On May 9th the first team had its last match of the season, away at Witney
This was actually a rearranged match, Witney were missing a few of their players for the original date, and as it was more or less a dead rubber we agreed to move it to the very last day of the season so we could face their full strength – maybe we are too nice …
So on a sunny early summer evening, far removed from the dark of the reverse fixture in the Old School with broken heating, we found ourselves to be out-rated on every board. Despite that there were a lot of interesting games, but I’ll keep things short so the main focus can be on Nigel’s extremely fine game on top board.
On board 6 Andrey faced a newcomer who does look fairly useful … Darryl certainly knew how to play against the Chigorin defense to the Queen’s gambit, winning material in the late middle game and converting fairly easily. Witney 1 Cumnor 0.
On board 5 John faced Howard Searle, meeting the Modern Defence with an Austrian attack which looked promising for a while but ended in a fairly early draw. Witney 1 1/2 – Cumnor 1/2.
Liam was on board 4 against Adam Sieczkowski, a junior that I know to my own cost is very useful. An extremely complicated game resulted, with Adam pressing on the Queen side, and in the end his better coordinated pieces pushed through. Witney 2 1/2 – Cumnor 1/2.
Mark’s game against Francis Parker was the first of a couple of games to feature heavy material sacrifices. It all started with a Two Knight’s Defence, Francis playing the Ulvestad variation , a line which Mark said after the game he had never seen before. Madness soon ensued, Mark going a rook down but with the black king in the centre and mating threats based on an advanced pawn on c6. I have to say whenever I saw it I never really believed Mark had enough, and while he won back some of his material the game went into an R+B v. R endgame that Mark couldn’t hold. Witney 3 1/2 – Cumnor 1/2.
On my board, 2, I face Mike Truran. As the one time we have played before we went into a Modern Benoni, Mike this time playing the Taimanov Variation, aka the Flick-Knife Attack . Once considered almost a refutation of the Benoni, Black is now considered OK, but it is certainly good to know the theory if you are going to go down this line. And indeed Mike and I followed book lines until move 15 when I deviated saccing a pawn to get a chance an the initiative. This proved to be just the warning tremors, two moves later I sacced a knight to open up Mike’s king and many round the table thought I had a winning attack. Unfortunately Mike found the only defence, a line I hadn’t deeply looked as it involved moving his king to a square where I could check and apparently gain tempo, and then I failed to follow up properly – repeated sacrifices followed but in the end I resigned because, as Liam put it, I “had run out of things to sacrifice”. And to add insult to injury even if I had found the correct follow up the semi-conducting monster shows that the initial knight sacrifice was unsound, though the refutation is not that easy to see. Oh well, such things never bothered Tal … the only difference being he tended to get away with it! Witney 4 1/2 – Cumnor 1/2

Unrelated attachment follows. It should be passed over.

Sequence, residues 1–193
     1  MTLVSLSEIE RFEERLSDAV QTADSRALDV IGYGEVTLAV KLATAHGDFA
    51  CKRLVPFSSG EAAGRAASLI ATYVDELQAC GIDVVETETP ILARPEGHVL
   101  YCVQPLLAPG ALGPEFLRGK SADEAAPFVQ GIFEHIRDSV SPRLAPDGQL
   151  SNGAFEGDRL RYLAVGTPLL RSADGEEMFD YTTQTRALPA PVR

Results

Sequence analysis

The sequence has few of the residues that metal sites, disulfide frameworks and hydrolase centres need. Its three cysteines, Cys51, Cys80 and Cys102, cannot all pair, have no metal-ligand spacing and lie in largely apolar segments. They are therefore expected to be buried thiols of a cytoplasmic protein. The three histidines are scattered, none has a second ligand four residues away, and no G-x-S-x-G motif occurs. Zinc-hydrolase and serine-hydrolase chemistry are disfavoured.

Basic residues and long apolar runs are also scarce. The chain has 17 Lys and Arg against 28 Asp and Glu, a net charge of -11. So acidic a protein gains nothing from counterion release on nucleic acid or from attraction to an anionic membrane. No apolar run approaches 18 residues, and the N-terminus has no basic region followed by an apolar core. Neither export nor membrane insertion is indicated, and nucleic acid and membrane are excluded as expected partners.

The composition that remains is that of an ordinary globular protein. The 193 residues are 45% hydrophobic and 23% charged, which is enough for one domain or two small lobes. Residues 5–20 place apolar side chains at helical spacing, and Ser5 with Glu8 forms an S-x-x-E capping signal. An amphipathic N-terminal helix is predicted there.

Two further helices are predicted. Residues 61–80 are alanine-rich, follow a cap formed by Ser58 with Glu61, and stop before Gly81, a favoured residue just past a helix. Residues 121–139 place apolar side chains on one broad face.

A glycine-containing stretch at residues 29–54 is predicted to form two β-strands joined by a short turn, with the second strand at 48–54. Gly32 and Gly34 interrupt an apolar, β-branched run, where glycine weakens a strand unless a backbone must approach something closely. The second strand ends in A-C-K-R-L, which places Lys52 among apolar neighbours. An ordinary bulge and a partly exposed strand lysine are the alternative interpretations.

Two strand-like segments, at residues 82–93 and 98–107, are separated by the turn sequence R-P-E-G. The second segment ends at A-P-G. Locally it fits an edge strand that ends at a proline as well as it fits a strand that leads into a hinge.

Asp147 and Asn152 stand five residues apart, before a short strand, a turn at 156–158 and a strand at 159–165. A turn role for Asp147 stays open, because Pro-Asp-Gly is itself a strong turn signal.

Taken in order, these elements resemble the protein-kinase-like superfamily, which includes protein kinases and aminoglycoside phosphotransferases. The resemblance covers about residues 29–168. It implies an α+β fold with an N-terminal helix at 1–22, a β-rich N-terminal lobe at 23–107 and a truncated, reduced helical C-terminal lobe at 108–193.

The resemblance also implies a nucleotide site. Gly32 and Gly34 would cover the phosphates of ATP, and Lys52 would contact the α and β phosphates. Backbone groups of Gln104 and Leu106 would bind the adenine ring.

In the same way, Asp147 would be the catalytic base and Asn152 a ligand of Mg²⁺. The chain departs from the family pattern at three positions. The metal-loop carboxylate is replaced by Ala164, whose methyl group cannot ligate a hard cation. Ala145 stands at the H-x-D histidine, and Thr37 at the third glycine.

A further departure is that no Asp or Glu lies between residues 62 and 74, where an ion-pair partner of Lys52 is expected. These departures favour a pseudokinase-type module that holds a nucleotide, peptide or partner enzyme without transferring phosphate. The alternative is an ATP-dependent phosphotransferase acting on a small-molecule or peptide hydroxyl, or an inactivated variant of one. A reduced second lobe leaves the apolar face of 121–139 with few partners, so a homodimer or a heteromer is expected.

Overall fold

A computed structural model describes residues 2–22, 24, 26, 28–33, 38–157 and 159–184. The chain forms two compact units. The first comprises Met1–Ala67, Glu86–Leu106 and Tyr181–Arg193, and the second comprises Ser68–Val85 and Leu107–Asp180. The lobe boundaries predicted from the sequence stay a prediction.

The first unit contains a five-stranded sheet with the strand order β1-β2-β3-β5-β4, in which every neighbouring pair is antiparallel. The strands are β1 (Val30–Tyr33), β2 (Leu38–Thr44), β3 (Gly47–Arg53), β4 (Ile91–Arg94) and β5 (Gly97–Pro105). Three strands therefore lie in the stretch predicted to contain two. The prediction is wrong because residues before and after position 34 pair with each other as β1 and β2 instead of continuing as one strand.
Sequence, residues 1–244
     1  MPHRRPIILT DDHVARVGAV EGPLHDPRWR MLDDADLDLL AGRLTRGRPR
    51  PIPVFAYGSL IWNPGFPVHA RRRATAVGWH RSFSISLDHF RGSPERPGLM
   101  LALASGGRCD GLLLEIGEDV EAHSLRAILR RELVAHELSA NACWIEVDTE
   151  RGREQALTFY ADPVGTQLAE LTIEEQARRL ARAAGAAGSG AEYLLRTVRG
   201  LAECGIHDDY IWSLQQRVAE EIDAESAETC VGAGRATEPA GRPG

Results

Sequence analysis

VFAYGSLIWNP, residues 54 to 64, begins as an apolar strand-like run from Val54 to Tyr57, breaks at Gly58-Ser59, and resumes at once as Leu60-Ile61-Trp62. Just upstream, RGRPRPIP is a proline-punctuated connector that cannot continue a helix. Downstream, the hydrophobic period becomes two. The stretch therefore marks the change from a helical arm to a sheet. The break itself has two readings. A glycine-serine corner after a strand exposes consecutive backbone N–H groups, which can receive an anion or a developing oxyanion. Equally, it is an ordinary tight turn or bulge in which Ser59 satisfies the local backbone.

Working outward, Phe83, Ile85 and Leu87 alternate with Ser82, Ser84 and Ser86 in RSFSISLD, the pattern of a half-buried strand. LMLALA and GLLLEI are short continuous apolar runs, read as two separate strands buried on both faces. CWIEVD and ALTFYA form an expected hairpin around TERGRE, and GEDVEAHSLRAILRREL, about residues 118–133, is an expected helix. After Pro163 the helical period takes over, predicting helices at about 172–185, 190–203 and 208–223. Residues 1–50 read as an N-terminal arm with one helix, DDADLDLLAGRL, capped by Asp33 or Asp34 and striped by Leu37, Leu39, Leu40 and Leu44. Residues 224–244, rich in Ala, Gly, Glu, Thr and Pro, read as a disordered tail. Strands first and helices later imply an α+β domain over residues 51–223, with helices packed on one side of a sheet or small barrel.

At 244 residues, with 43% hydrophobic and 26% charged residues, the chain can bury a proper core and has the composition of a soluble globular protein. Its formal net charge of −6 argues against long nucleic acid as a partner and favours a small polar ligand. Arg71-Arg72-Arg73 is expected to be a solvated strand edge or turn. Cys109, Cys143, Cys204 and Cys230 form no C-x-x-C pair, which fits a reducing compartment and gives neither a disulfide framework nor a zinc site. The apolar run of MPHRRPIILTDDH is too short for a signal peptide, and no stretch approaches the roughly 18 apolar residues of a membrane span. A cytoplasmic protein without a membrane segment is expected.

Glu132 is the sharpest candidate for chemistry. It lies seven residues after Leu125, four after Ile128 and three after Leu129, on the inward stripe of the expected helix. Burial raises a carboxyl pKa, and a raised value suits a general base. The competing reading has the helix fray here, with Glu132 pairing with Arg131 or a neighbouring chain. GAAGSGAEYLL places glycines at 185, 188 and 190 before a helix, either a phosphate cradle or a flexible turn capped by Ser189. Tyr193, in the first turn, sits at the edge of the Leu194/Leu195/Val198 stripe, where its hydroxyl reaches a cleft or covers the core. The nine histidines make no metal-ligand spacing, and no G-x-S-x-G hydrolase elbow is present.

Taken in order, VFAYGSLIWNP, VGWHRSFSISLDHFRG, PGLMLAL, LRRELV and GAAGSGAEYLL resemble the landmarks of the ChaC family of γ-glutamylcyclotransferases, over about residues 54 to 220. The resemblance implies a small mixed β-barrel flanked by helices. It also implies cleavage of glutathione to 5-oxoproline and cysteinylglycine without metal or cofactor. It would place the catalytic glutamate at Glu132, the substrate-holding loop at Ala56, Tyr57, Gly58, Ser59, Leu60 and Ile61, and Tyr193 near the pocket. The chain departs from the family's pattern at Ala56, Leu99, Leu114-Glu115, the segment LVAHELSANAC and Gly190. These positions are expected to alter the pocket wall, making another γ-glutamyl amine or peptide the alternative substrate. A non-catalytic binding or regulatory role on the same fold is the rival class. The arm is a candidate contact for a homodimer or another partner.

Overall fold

I would normally have filled out some of the details above, but pride of place must go to Nigel’s excellent win on top board against Dave Hackett – one which Matt Rose judged of such high quality as to win the Ray Starkie prize for the best game played in the OCA this year! The turning point of the game was a fine line closing combination which netted Nigel the exchange, a plan he must have seen some moves before actually playing it. Here it is, watch out for 21 d5!:
Nigel had now won material, but Dave has a definite initiative, and he proceeded to throw what he had at the White king – which Nigel calmly refuted with nerves of steel, just taking whatever gifts Dave offered until there was nothing left despite the alarming concentration of black pieces near his king. I was particularly impressed by 32. Ne2, I thought while watching 32. Nf3 was obvious, but as Nigel explained on f3 there is always the chance of Rxf3 opening up the white king’s position, and also from e2 the knight gives useful cover to g3. Anyway here’s the whole game:
In the final position b8=Q+ will defuse all Black’s remaining threats, and leave the win trivial. And so quite possibly the last game to finish in the whole of the OCA season wins the best game prize – Well played Nigel! Simon Terrington has published a YouTube video discussing the game.
So the final result in a match filled with exciting games was 4 1/2 – 1 1/2 to Witney
We finish the table second from bottom, but in reality part of the mid-table pack that represented how closely many of the matches have been fought this season, a result we can be proud of given the loss of some of our stronger players at vital points in the season.